Table of Contents

Title Page
Henry C. Talbot
Thomas R. Teare
Captain C. R. Thayer
Matthew Thomas
Captain William Andrew Thompson
Captain Charles Thompson
Captain E. Thompson
Captain George L. Thompson
Captain Peter Thompson
Sheldon Thompson
Captain Thomas Thorkildsen
Charles P. Tibbetts
D. C. Tibbits
Warren G. Tilton
Joseph Timothy
Captain James M. Todd
William Tomlinson
Captain E. Tormey
Charles C. Tower
George W. Towne
Captain Bernard D. Townsend
Captain Hoyt H. Townsend
Captain Gilbert Townsend
Harry P. Trimm
Captain Benjamin Tripp
Edward Trombley
Gaius D. Tulian
W. D. Turnbull
Capt. John M. Twitchell
William H. Tyler
William W. Tyler
Captain John Tyrney
Edward Tyrrell
Table of Illustrations

Matthew Thomas

Matthew Thomas
Matthew Thomas was born in Paris, France, June 24, 1849, but at the age of three years was brought by his parents to America, they settling in Cleveland, Ohio, where he attended the public schools. In 1861 he entered the employ of the Globe Iron Works, and learned the machinist's trade, attaining the position of gang-boss, which he held for several years, and he made himself especially useful during the winter months. His ambition to become a marine engineer was soon gratified by an appointment as second on the steamer Prairie State, and afterward on the Plymouth and Peerless in the same capacity. Then followed his appointment as chief engineer on the steamers Rocket, Admiral D.D. Porter, Raleigh, Persian, Cumberland, Townsend, Sparta, Vienna and Aurora. On leaving the Aurora Mr. Thomas was made master mechanic of the Cleveland Stone Company. He also held the position of master mechanic for the rolling mills of the Cleveland Iron Company, the Westerman Iron Company, of Sharon, Penn., and was superintendent of machinery at the Walker Manufacturing Company. In 1888 he purchased an interest in the River Machine & Boiler Co., of which he is now vice-president and general manager.

Mr. Thomas had the honor of being chosen the first grand chief engineer of the Brotherhood of Marine Engineers, and a noteworthy fact connected with his administration is that no strike or evidence of uneasiness occurred during the two years of his incumbency, his logic being that the engineer should always be worthy of his employment, and that if he has to do with a just employer the truth of this will soon manifest itself. During all of Mr. Thomas' term of years as engineer of steamboats and in other capacities ashore, he has always had the pleasure of receiving the approbation of his employers for the prompt and satisfactory manner in which he has met every erratic turn in his machinery, requiring quick comprehension, and the ready resources with which he has met the trouble. It is no stretch of truth to say that he is as good a machinist and engineer as ever engaged in that line of business, and is a representative marine engineer; a man of commanding presence, and one in whom confidence in his own skill and ability never falters, for the reason that he knows how to apply his knowledge. A glance at his robust physical proportions, his clear and intelligent eyes, and rugged, well- marked features will assure one that Mr. Thomas is a person in whom confidence may be placed where knowledge of mechanism is the requisite. In the fall of 1875 he received a gold watch as a reward for valuable services while engineer of the steamer Oscar Townsend. The rudder having been torn away by the force of a storm, he rigged a jury rudder from a portion of a broken mast and other material found on board, so that the steamer reached its destination without further mishap. Socially he is a Royal Arch Mason, a Knight Templar and a member of the Mystic Shrine.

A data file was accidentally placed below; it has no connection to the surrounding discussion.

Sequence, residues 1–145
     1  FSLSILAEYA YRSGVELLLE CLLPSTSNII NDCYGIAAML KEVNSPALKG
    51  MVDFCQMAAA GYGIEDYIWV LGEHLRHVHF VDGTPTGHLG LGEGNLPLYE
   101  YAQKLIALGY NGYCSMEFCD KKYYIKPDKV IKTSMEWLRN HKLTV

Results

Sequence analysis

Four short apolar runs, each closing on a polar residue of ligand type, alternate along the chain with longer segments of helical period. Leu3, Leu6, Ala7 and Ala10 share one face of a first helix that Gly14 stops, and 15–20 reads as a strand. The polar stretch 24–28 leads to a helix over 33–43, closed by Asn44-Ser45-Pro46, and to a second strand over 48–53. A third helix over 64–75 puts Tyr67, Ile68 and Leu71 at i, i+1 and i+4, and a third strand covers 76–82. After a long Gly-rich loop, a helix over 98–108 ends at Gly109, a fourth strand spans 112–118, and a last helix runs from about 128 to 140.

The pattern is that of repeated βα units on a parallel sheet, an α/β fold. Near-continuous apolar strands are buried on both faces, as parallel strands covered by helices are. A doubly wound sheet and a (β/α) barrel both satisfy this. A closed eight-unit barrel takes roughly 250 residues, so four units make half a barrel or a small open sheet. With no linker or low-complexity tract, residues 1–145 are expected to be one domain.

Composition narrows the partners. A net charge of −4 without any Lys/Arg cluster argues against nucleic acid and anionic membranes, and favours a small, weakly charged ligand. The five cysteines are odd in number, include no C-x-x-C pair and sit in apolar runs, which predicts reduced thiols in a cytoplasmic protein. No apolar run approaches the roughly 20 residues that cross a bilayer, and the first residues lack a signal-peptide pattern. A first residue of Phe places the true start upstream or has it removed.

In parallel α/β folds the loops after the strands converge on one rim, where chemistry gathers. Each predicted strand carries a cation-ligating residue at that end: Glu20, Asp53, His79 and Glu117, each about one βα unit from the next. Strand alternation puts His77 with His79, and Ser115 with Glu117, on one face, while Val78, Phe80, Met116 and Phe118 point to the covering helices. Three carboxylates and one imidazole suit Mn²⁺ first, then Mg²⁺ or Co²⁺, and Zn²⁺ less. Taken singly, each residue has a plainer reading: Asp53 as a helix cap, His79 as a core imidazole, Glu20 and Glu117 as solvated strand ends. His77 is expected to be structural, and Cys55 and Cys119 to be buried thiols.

In 1879 Mr. Thomas was united in marriage to Miss Anna While, and nine children have been born to them: Clarence, Edna, Harold, Emma, Arthur, Viola, Jeanette, Ruth and Esther, all of whom are (1898) attending school except the two youngest.


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Volume I

This version of Volume II is based, with permission, on the work of the great volunteers at the Marine Captains Biographies site. To them goes the credit for reorganizing the content into some coherent order. The biographies in the original volume are in essentially random order.

Some of the transcription work was also done by Brendon Baillod, who maintains an excellent guide to Great Lakes Shipwreck Research.